Nanaimo citizens’ final thoughts on the city plan turned out to be, for the most part, concerns about a globalist agenda.
The City of Nanaimo held a public hearing Wednesday, June 22, on its Reimagine Nanaimo city plan that will serve as the city’s next official community plan as well as a parks, recreation, culture and wellness plan; transportation plan; active mobility plan; climate action and resiliency plan; and accessibility and inclusion plan.
Public feedback at Wednesday’s meeting, however, frequently strayed from those subjects. While there were a few concerns expressed about bike lanes, crime, and perceived over-taxation, many of the Nanaimo residents who took to the podium were there to denounce doughnut economic concepts and the World Economic Forum.
“The official city plan, or OCP as it is being referred to, appears to be predicated and/or linked to the visions and agendas of several globalist institutions,” said Jim Smith, a resident. “A large and growing number of Canadians have now witnessed first-hand the harm and destruction that these institutions and their unelected, unaccountable bureaucrats are capable of foisting upon our society.”
Michelle Rosauro, another resident, said it seemed as though the city gave citizens “the illusion of choice” while proceeding with Reimagine Nanaimo. She said she will continue to ask who is pushing for the doughnut economy in Nanaimo, and in the meantime, urged the city to keep aspects of the plan, but make modifications.
“We can still have a great 25-year plan that doesn’t have anything to do with an unelected global interest,” she said.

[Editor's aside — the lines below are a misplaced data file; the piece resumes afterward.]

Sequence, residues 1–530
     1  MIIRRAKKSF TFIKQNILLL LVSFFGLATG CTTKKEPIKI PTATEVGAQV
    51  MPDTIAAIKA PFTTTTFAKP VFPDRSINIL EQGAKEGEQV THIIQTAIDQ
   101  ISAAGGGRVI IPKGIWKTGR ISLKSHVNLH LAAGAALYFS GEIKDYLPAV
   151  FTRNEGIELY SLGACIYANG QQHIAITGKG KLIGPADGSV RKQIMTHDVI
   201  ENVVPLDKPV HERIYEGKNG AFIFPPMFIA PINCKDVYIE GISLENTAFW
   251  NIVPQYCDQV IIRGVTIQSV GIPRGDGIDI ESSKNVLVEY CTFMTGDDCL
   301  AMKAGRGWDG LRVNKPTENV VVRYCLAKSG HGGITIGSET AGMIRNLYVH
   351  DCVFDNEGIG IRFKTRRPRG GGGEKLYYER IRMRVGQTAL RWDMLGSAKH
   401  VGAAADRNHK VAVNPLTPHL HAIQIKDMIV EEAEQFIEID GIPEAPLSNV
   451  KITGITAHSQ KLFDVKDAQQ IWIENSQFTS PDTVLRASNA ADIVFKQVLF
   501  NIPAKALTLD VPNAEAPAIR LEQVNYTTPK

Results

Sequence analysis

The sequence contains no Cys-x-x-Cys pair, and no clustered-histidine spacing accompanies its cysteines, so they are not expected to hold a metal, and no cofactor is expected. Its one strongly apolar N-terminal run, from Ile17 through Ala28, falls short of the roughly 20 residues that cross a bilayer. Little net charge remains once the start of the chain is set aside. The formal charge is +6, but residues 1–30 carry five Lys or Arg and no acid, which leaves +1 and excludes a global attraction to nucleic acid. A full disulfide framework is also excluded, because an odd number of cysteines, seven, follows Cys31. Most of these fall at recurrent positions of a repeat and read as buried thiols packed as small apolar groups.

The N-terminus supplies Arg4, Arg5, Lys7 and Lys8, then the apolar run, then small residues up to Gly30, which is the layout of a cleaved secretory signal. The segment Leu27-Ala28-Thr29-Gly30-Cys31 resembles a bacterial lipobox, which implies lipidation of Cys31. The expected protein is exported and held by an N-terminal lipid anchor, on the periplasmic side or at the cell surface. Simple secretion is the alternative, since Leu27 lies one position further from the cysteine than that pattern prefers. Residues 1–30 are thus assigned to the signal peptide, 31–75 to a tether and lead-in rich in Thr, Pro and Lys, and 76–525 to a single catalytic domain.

Resident Kevin Sharma also asked the city to slow down the OCP process.
“We need to be sure of what we’re signing up for,” he said. “There’s absolutely no reason why we can’t create our own city plan free of global influence.”
There were repeated rounds of applause during the meeting despite Mayor Leonard Krog’s protestations. Of the 20-plus speakers at the meeting, all but two indicated opposition to the city plan. There were three written submissions presented at the public hearing, all opposed, and 15 submissions received before the meeting, with no indication of opposition or support for the city plan bylaw.
One of the citizens speaking in favour of the plan at the public hearing was resident Dale Porter, who suggested he hoped that once the OCP is approved, the city can turn its focus to important neighbourhood issues.
“I get it’s taken a long time and a lot of work, but there’s a lot of work that has to get done,” he said.
Resident Brian Short said he generally likes the city plan, particularly its urgency regarding the climate emergency. He said if anything, he was asked for his feedback too often during the phases of the city plan’s creation.
“There’s a whole bunch of people that I’ve heard from tonight who missed many, many opportunities to be involved in this,” he said.
Councillors participated in the public hearing only by listening. The city plan bylaw is expected to come back to the council table July 4 for adoption.